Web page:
BMW M8 coupe
"The BMW M8 Competition is a hugely powerful coupe offering a more luxurious and spacious alternative to a Porsche 911 or Audi R8"
- Huge power
- Great design
- Luxurious interior
- Lacks soul
- Big and heavy
- Anodyne engine note
The BMW M8 Competition is a seriously powerful two-door coupe from Munich's legendary performance division. With stunning looks, 616bhp and a £120,000 price tag, it offers buyers shopping for an Aston Martin Vantage, Audi R8 or Porsche 911 a larger, more luxurious rival with four-wheel-drive traction.
It's possible to send all the power to the rear wheels if you want a pure front-engined, rear-wheel-drive experience, but given the engine’s performance, it may not always be advisable to do so. The M8 Competition is a two-tonne missile that could reach 200mph if it weren't electronically limited to 155mph (upped to 190mph as an option). While a slightly less powerful, standard M8 is available in some markets, we're only getting the sharper Competition version in the UK. Acceleration from its twin-turbo V8 is eye-watering, with 0-62mph taking just 3.2 seconds, but even with all the performance boxes ticked, it feels like there's something lacking.
An uninspiring exhaust note and the M8 Competition's size and weight means it feels more like a seriously quick grand tourer than an agile sports car and, even in its most hardcore settings, it arguably feels too sensible. This is exacerbated by its interior, which is more luxurious and comfortable than sportier rivals.
Its sumptuous leather seats, the effortless power of its engine and a smooth eight-speed automatic actually make it closer to a cut-price Bentley Continental GT. The M8 is a car that's ideal for covering huge distances very quickly, rather than one to push hard on a twisty road for the sake of it.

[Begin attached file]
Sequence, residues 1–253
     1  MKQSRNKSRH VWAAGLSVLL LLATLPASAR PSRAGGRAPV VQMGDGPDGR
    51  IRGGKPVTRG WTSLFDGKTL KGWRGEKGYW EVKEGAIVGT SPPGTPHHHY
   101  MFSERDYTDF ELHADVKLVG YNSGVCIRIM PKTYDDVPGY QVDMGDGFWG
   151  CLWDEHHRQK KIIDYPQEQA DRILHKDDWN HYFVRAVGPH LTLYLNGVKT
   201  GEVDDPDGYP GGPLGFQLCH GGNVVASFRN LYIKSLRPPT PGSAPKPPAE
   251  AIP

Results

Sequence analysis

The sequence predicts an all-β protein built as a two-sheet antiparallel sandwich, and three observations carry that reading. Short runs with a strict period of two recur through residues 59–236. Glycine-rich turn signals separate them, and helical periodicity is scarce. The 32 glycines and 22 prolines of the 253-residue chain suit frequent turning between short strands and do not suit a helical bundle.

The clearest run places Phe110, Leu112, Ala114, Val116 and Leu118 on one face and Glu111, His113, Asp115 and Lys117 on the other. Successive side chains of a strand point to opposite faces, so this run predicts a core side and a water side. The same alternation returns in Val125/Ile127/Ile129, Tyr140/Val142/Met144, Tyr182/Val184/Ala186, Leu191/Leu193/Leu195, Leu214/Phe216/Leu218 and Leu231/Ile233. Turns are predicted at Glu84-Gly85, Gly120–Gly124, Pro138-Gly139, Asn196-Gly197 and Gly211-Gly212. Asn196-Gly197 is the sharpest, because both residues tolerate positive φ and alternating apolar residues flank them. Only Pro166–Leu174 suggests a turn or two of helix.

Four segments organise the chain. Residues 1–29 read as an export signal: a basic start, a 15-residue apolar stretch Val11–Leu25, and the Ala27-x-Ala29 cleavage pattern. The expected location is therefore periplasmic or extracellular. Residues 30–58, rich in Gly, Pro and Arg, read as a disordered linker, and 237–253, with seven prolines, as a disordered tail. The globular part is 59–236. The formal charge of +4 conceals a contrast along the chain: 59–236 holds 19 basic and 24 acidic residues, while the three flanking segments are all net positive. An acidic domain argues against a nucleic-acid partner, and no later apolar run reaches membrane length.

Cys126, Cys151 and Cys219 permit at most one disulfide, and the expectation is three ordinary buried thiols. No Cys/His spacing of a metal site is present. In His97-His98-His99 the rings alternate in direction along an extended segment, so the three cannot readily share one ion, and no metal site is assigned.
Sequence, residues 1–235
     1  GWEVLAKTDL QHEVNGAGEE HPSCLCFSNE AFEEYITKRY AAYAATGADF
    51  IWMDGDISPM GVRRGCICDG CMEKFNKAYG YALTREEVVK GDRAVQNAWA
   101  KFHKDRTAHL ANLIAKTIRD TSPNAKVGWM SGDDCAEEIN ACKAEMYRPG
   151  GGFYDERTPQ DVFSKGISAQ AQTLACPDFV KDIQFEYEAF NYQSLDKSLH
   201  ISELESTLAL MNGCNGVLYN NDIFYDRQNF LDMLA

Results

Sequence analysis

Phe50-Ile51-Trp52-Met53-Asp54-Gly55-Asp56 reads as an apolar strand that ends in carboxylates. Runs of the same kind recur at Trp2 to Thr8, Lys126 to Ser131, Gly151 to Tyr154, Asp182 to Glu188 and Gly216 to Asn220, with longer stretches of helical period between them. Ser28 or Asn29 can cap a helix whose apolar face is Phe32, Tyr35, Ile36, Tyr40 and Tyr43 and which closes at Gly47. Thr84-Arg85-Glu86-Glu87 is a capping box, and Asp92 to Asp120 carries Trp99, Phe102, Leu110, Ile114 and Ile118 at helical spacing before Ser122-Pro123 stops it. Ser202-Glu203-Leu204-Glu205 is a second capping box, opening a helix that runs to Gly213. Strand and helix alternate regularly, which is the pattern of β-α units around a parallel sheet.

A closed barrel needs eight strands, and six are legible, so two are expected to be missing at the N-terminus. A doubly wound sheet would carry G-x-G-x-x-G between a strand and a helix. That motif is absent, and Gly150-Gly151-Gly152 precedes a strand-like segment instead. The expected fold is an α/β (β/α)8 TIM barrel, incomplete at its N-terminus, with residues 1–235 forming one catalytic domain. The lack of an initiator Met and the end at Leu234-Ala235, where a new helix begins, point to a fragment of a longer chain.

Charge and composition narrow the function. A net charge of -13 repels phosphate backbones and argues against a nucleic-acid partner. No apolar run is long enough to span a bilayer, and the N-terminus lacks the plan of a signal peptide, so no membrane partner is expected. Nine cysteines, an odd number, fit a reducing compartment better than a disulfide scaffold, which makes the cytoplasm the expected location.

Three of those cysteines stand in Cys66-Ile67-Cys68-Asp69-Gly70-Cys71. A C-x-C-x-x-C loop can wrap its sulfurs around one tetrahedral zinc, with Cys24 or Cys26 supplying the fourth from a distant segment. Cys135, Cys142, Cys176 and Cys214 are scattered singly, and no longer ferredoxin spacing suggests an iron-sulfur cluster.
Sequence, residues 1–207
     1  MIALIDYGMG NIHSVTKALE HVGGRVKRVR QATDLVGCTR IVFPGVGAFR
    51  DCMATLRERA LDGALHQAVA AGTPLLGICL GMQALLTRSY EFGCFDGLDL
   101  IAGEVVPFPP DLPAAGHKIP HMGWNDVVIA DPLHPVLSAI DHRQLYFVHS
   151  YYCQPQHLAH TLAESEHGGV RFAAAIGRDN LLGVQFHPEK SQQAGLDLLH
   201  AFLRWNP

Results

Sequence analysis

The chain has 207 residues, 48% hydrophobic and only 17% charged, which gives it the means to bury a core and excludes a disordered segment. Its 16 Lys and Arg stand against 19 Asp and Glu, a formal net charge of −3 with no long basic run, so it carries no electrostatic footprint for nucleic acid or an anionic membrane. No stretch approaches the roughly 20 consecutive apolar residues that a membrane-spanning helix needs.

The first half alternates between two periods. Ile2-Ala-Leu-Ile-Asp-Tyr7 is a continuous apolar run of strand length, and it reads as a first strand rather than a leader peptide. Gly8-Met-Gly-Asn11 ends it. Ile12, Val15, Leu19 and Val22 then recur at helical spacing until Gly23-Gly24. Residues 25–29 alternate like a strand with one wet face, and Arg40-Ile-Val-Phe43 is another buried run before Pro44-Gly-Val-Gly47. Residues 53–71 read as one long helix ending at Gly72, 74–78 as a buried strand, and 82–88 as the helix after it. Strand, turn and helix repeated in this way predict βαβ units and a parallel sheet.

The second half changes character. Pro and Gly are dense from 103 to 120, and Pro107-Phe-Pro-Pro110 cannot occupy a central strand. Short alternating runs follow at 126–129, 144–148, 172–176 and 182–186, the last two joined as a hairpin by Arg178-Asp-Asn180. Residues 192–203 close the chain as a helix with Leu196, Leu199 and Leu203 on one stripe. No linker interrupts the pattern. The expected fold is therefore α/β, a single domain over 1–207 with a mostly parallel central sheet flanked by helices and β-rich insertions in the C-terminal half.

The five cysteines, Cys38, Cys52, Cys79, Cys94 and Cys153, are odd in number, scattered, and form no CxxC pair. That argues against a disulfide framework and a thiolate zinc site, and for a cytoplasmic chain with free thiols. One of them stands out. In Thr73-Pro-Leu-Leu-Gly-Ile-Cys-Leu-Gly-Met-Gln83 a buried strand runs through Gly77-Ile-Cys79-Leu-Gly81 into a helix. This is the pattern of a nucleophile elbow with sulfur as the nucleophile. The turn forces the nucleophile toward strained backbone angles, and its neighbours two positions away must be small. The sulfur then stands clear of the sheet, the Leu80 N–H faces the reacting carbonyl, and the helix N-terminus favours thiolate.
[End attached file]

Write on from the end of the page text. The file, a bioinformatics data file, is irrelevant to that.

MPG, running costs & CO2
The M8 is clearly built for performance first and foremost but that's not to say all the fuel-saving 'Efficient Dynamics' technology built into 'normal' BMWs has been thrown out. The car’s 4.4-litre V8 still features auto start-stop that switches off the engine in traffic, along with regenerative braking to use otherwise wasted energy to help power the car's electronic systems. As well as generating lots of power, its turbochargers and precise direct injection fuelling can also help save fuel when you're cruising on the motorway.
After all this, the M8 can manage just over 25mpg, with CO2 emissions of 242g/km, so it certainly won't be cheap to run. You'll also need to factor in BMW servicing, which you've told us is expensive in our Driver Power customer satisfaction survey, along with pricey replacement tyres, brakes and fluids.
Engines, drive & performance
The BMW M8 Competition is the fastest road car the German manufacturer has ever produced, with an astonishing 616bhp from its twin-turbocharged 4.4-litre V8 engine. That's more power than a Porsche 911 GT3 or an Audi R8, and the M8's 0-62mph time of 3.2 seconds is even faster than the iconic, BMW-powered McLaren F1 supercar.